A Dutch mortician asks an innocent question: Why do the bodies look so strange lately? 

“A single naïve question is sometimes enough to make an entire system come tumbling down.” A Colombian philosopher who went by the name of Gómez Dávila once said. And lately, a lot of people are starting to ask a lot of innocent questions, because they are encountering things that just don’t seem to make sense, as long as you don’t ask the sort of questions we’re supposed to avoid asking. As I mentioned yesterday, too many people are dying in the Netherlands lately and demographers are beginning to notice it. Morticians are beginning to notice strange patterns too.

The advantage of being part of a real community is that when things turn sour, you will hear the sort of things that the institutes of power seek to keep quiet. Atrocities that ended up in the history books were generally treated as rumors when they took place. One Dutch woman encountered such a “rumor” in her extended network and decided to record it for the sake of transparency. A Dutch mortician asked for help from his peers, to figure out how to make the bodies he treats look more presentable.

I’ll offer you my best attempt at a translation:

Hemorrhages, very small hemorrhages in a deceased. I notice them increasingly often and notice that my duties are shifting and I’m forced to take increased effort to make the deceased look presentable. We call these petechiae. Small pointy hemorrhages that passed out of the blood vessel system and became impossible to press back as a result. During the past half year I now encounter deceased with this unpleasant discoloration in the face, shoulders and upper arms. The deceased looks purpleish or blue (can’t be pressed away) and blue/black in the neck and the shoulders. The oxygen-poor blood I remove from these deceased (to replace with colored chemicals) is syrupy darkblue to black (not exaggerated). Are there colleagues who recognize this and can tell me what causes this? I think I have sufficient experience to recognize that this used to be far rarer in the past (for me it went from four times a year, to twice a week). Questions please in a PM.

So there you have it. A Dutch mortician notices that the bodies he treats have strange capillary hemorrhages, known as petechiae. What could cause such a thing? There’s a long list of conditions that can cause these symptoms, but there’s one that jumps from the list: Thrombocytopenia. When someone suffers abnormally low platelets, bleeding happens easily, because the blood doesn’t properly coagulate. One of the symptoms a woman can notice from this is heavy menstrual bleeding (which many women have been reporting lately). For men it’s rarer to notice any symptoms.

We know there exists a link between vaccination against COVID-19 and the development of autoimmune thrombocytopenia. What’s harder to determine is how many cases go unreported. This is the sort of indicator you would expect to encounter, if we’re missing many cases of people whose deaths are simply interpreted as an “unexpected tragedy”.

I’ll bother documenting some of the responses too.

My partner died 4,5 days after vaccination with AstraZeneca from acute heart failure. Indeed there was a purple/blue discoloration in the face. The frequency you speak of raises a number of questions for me. This should be thoroughly investigated. There’s a lot being suppressed and a lot of doctors look away or give denying responses, as was the case in my specific situation.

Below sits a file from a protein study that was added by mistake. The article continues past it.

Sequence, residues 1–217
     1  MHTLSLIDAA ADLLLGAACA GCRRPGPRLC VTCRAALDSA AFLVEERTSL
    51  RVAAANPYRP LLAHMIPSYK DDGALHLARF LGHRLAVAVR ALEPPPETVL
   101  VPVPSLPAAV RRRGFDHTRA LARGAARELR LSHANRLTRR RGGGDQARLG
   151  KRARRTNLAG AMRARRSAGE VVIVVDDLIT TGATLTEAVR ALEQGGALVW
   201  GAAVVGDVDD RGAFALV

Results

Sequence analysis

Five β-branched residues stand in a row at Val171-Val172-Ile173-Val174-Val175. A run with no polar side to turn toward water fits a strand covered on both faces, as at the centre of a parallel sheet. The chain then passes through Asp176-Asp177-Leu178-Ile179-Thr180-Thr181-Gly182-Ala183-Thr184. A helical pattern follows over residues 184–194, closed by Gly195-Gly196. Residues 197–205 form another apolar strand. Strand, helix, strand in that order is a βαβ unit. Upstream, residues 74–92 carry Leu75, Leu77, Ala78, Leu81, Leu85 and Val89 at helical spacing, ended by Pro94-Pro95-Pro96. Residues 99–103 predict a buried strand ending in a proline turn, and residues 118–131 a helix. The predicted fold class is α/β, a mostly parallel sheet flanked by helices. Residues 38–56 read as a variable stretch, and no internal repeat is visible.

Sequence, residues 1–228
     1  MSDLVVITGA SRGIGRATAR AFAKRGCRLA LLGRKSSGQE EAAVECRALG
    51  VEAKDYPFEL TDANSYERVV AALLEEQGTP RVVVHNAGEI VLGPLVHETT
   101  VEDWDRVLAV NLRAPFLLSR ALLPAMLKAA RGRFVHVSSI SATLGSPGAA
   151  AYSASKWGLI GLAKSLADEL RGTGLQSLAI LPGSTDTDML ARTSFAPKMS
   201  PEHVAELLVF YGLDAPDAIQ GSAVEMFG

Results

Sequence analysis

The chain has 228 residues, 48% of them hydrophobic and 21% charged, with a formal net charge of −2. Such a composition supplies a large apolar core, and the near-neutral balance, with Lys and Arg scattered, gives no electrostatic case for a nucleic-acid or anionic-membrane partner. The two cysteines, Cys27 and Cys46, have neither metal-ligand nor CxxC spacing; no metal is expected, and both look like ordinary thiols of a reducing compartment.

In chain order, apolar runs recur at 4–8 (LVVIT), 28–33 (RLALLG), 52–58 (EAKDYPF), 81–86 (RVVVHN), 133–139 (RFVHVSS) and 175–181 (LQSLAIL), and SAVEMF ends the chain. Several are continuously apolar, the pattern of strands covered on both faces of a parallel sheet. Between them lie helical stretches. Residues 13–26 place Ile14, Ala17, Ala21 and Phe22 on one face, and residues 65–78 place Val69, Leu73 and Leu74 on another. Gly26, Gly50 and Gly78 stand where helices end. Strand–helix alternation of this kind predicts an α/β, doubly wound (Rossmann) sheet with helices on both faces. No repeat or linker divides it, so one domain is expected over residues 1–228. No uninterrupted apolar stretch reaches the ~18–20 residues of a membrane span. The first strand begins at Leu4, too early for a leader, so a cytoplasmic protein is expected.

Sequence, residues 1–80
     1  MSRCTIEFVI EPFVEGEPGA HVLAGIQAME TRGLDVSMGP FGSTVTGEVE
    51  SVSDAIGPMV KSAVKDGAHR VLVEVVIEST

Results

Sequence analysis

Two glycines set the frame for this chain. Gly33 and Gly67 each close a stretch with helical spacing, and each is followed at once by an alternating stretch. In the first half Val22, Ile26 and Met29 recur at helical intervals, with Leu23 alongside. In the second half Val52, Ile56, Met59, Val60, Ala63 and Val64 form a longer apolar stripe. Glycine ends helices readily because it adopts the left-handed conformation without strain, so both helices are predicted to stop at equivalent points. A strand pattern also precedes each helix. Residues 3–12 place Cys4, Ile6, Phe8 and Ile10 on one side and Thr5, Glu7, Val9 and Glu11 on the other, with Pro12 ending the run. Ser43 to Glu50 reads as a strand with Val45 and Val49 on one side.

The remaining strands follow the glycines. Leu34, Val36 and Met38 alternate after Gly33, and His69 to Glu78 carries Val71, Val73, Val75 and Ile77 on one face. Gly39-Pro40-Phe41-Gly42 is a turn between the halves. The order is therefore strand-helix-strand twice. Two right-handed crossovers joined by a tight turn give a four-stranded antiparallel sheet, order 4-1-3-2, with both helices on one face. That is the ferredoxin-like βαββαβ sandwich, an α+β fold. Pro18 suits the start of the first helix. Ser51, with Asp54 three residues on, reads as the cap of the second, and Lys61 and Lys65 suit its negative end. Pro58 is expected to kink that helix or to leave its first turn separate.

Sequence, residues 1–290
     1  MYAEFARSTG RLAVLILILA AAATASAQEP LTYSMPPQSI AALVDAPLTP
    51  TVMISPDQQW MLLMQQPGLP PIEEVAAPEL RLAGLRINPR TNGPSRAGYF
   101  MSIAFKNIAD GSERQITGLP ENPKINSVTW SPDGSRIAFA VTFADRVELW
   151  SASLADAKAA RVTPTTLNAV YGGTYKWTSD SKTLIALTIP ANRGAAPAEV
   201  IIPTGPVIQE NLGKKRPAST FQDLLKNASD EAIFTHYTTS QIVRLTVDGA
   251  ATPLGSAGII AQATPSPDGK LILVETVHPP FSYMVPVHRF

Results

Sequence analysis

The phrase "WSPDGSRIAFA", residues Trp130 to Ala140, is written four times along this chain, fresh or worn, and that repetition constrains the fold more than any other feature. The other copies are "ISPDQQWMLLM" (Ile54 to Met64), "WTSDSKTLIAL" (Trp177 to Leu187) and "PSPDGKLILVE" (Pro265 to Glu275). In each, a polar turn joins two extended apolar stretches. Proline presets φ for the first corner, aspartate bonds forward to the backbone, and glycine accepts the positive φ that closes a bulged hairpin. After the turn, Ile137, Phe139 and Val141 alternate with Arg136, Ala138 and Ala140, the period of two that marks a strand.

Another mortician shares something interesting as well:

Thanks for speaking out about this Edwin. I haven’t encountered the discoloration you mention yet. I have encountered multiple deceased with a lot of fluid buildup in the abdomen. What I find particularly worrisome myself is the high number of deceased in recent months. So many more than in preceding years.

This is worth looking at as well. The medical term for a buildup of fluid in the abdomen is Ascitis. Although the most common cause is cirrhosis, another possible explanation for such a buildup of fluid is heart failure. If we’re facing far more cases of spontaneous heart failure (as the statistics from England suggest) in people who were otherwise relatively healthy, what this lady described is the sort of thing you could expect morticians to notice.

We can apply some basic math to see whether these reports pass the smell test. An average mortician embalms about two people a day. Mortality in the Netherlands right now is about ten percent above normal. A mortician who would embalm ten people a week would thus now embalm eleven. If every excess death that currently happens displays these type of symptoms, then it fits that a mortician could report encountering two of these cases a week.

In the long run, there are other questions that need to be answered: Is this transitory? We still don’t really know for sure how the vaccines cause myocarditis and blood clots. Scientists are unsure about the underlying mechanism. The spike protein itself is toxic, but the immune response to the spike protein can cause problems too. We just know that they do, because we see far more cases than would be expected by random chance in a given period after administering the vaccine. If the problem is the antibody response to the spike protein, then we would expect to see these antibodies boosted whenever people start to be exposed to the virus again.

These are the sort of questions that would have been nice to have an answer to before the government decided that every single human being above the age of twelve should be injected with these vaccines.


Source: A Dutch mortician asks an innocent question: Why do the bodies look so strange lately? – Rintrah

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